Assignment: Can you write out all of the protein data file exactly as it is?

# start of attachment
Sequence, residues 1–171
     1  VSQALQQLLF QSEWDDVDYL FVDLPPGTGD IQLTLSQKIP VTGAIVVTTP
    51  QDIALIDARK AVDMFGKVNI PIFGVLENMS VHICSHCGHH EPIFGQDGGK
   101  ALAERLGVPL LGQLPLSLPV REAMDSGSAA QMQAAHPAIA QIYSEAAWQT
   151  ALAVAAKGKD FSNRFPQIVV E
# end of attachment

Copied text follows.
Sequence, residues 1–171
     1  VSQALQQLLF QSEWDDVDYL FVDLPPGTGD IQLTLSQKIP VTGAIVVTTP
    51  QDIALIDARK AVDMFGKVNI PIFGVLENMS VHICSHCGHH EPIFGQDGGK
   101  ALAERLGVPL LGQLPLSLPV REAMDSGSAA QMQAAHPAIA QIYSEAAWQT
   151  ALAVAAKGKD FSNRFPQIVV E